Start Submission Become a Reviewer

Reading: A Randomly Selected Chamber: Promises and Challenges


A- A+
Alt. Display

Research Article

A Randomly Selected Chamber: Promises and Challenges


Pierre-Etienne Vandamme ,

University of Louvain, BE
About Pierre-Etienne

Pierre-Etienne Vandamme is completing a Ph.D. in political theory at the Hoover Chair of Economic and Social Ethics, University of Louvain (Belgium). He is working on the relation between democracy and social justice.

X close

Antoine Verret-Hamelin

Université Laval, CA
About Antoine

Antoine Verret-Hamelin is doing his Ph.D. at Université Laval (Canada). He is working in the field of intergenerational justice.

X close


This paper explores the idea of a randomly selected chamber of representatives (RSC) through an appreciation of the promises it offers and the challenges it would face. We identify two main promises: a RSC could offset the aristocratic character of elections, thereby increasing the legitimacy of the political system; and it could increase democracy’s epistemic potential, thanks to gains in terms of diversity, deliberations, humility, and long-term perspective. We then discuss four key challenges. First, participation: how can the chamber have diversity without mandatory participation or heavy sanctions? Second, how can we conceive or build legitimacy for this non-elected and somehow unaccountable chamber’s views? Third, independence: how to safeguard randomly selected people from corruption? Finally, there may be a linguistic challenge: if the RSC has a deliberative role, how should it cope with the possible linguistic diversity of its members? We conclude that these challenges are not insurmountable, but reveal some trade-offs that cannot be entirely dissolved.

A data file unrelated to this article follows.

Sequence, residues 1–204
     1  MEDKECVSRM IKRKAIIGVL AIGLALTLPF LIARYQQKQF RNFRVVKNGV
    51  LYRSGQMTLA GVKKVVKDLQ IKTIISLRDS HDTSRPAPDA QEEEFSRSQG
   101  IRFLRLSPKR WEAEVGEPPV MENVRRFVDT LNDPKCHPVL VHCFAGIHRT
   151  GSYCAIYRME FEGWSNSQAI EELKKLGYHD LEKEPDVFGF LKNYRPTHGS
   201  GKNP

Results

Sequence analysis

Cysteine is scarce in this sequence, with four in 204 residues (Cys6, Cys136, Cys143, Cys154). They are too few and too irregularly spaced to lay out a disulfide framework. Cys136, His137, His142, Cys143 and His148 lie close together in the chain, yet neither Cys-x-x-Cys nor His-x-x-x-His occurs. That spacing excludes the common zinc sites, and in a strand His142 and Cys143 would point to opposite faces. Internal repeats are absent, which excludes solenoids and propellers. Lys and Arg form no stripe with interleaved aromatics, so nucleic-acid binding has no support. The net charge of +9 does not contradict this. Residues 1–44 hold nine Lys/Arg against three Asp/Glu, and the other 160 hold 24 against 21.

How to Cite: Vandamme, P.-E., & Verret-Hamelin, A. (2017). A Randomly Selected Chamber: Promises and Challenges. Journal of Public Deliberation, 13(1), 5. DOI:
Published on 20 Apr 2017.
Peer Reviewed


  • PDF (EN)